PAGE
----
Friday, April 19, 2013

Shabbat-O-Gram for April 19: The Aftermath of Boston and Redeeming Kitty Genovese

 "Tomorrow the sun will rise over Boston. 
Tomorrow the sun will rise over the - this country that we love, 
this special place, this state of grace."

In the aftermath of the shocking events coming out of Boston on Monday, following the many other tragedies people have endured recently, what is most remarkable is how people have come together to help out those who are suffering.  Our capacity for kindness is never to be underestimated, but as the world around us becomes increasingly dangerous, it seems that people are becoming increasingly kind - and courageous. 

Watching video of the horrifying moments following the explosion only confirms that assertion. A number of people have commented on how incredible it is that so many actually ran toward the smoke and shrapnel, rather than away from it.  Many were first responders, others were photographers, but many others were simply bystanders looking to help.  And just as everyone with a cell phone has become a recorder of history in this Digital Age, so have we become active participants in unfolding dramas, such as the one going on right now in Boston.  There is no longer such a thing as a bystander.

This week's portion of Kedoshim contains the commandment, "Do not stand idly by the blood of your neighbor (Leviticus 19:16)." The Jewish approach has been, from ancient times, never to look the other way.  Regrettably, that is not human nature, or at least it wasn't until now.  We seem to have evolved beyond what has been called the Genovese syndromea social psychological phenomenon referring to cases where individuals do not offer any means of help in an emergency situation to the victim when other people are present.  It's named for a famous case of a woman murdered in Queens in 1964, Kitty Genovese, before dozens of bystanders who did nothing to help her.  The case became emblematic of the uncaring urban environment that was America of that era and it was a stain on New Yorkers in particular.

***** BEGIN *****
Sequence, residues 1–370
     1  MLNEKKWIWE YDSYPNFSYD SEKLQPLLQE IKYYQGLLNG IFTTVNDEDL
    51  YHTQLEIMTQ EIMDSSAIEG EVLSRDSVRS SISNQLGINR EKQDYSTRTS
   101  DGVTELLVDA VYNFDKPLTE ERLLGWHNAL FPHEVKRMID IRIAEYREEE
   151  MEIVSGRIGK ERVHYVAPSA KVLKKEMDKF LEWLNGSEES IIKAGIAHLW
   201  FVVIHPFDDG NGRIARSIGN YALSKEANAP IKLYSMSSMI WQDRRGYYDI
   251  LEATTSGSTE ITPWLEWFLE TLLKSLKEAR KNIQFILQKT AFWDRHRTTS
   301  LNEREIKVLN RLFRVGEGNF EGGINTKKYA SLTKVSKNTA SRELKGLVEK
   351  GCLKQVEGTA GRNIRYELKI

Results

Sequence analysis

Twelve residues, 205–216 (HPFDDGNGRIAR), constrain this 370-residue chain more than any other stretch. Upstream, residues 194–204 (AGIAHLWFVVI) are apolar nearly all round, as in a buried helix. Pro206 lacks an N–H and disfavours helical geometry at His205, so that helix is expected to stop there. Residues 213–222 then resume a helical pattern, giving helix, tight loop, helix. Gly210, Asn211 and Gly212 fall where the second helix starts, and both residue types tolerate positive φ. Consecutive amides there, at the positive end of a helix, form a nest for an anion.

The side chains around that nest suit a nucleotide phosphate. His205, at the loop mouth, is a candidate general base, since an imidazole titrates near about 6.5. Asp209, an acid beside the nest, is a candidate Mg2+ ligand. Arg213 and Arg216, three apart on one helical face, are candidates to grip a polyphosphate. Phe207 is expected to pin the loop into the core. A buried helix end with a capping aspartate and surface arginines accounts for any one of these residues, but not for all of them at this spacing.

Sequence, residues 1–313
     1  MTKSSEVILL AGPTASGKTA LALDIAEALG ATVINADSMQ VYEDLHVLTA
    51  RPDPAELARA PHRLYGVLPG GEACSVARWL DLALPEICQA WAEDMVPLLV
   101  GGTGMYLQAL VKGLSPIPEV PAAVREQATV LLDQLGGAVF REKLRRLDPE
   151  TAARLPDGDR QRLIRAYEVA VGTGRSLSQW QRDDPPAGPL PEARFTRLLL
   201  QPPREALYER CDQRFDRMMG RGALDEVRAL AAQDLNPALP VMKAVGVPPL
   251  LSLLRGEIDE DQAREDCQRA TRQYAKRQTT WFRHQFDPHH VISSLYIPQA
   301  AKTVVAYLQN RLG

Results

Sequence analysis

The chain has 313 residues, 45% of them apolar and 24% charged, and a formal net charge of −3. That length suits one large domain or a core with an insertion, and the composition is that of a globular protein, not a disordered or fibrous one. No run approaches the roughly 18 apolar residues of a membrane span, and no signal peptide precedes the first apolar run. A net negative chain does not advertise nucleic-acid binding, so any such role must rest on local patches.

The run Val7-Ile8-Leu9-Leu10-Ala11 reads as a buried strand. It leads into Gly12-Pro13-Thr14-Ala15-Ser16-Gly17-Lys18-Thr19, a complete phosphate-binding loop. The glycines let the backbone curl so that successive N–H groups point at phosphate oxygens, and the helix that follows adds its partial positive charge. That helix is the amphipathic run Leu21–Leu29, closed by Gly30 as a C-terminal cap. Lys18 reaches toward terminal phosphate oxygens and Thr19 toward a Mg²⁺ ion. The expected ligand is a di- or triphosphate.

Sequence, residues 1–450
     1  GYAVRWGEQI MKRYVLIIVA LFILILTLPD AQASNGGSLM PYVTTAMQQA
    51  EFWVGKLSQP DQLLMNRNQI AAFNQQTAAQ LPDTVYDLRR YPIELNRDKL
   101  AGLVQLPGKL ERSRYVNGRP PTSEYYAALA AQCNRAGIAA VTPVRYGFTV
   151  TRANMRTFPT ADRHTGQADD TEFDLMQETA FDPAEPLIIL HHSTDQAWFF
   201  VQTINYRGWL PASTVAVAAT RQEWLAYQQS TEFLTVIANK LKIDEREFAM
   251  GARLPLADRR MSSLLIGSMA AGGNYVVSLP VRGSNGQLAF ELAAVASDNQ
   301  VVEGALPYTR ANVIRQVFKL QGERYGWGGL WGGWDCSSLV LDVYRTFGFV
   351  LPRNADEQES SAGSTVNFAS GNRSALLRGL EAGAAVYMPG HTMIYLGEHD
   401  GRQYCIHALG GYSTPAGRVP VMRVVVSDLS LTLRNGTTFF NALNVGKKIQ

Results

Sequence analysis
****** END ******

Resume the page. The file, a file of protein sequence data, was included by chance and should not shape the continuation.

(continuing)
I believe this week's events, following in the wake of Newtown, Aurora, 9/11 and countless other recent tragedies, tells us that a seismic social shift is occurring.  In the midst of all the bad news, then, there is some good news: 

Kitty Genovese is at last being redeemed. 

We will be discussing Leviticus 19:16 on Shabbat morning in greater detail, in light of this week's events.  Our service tomorrow will take place in the lobby (as it will also of course tonight).  You can preview my parsha packet study guide here.  Join us, and let us know if you think we have become a more caring society.

Meanwhile, tonight and tomorrow, and beyond, we'll pray for Boston.

We can be inspired by this poem written this week by Rabbi Rachel Barenblat:

Prayer After the Bombing

Plant your feet firmly on the ground, your head
held high as though by a string.

Listen to the red-winged blackbirds, the spring frogs.
There is an aquifer in your heart: send a dipper down.

What have you drawn forth? Send it
out of this room like waves of song.

Float it around the Hairpin Turn, along
the old Mohawk Trail. Direct it toward the rising sun.

Our hearts are in the east though we are in the west.
Blanket the wounded city with melody.

Sing to the runners with aching hamstrings
to the bewildered families who lined the marathon route

to the children who are trying to make sense
to the adults who are trying to make sense

to the EMTs and policemen who ran
not away from the suffering, but into the fire

sing to the grieving families, here and everywhere.
Inhale again, reach into your well:

is there light even for the twisted soul of the bomber?
Now sing to yourself, sluice your own wounds.

We are loved by an unending love.
Listen to the birds again, and remember.

We are loved by an unending love...

Shabbat Shalom 

Rabbi Joshua Hammerman

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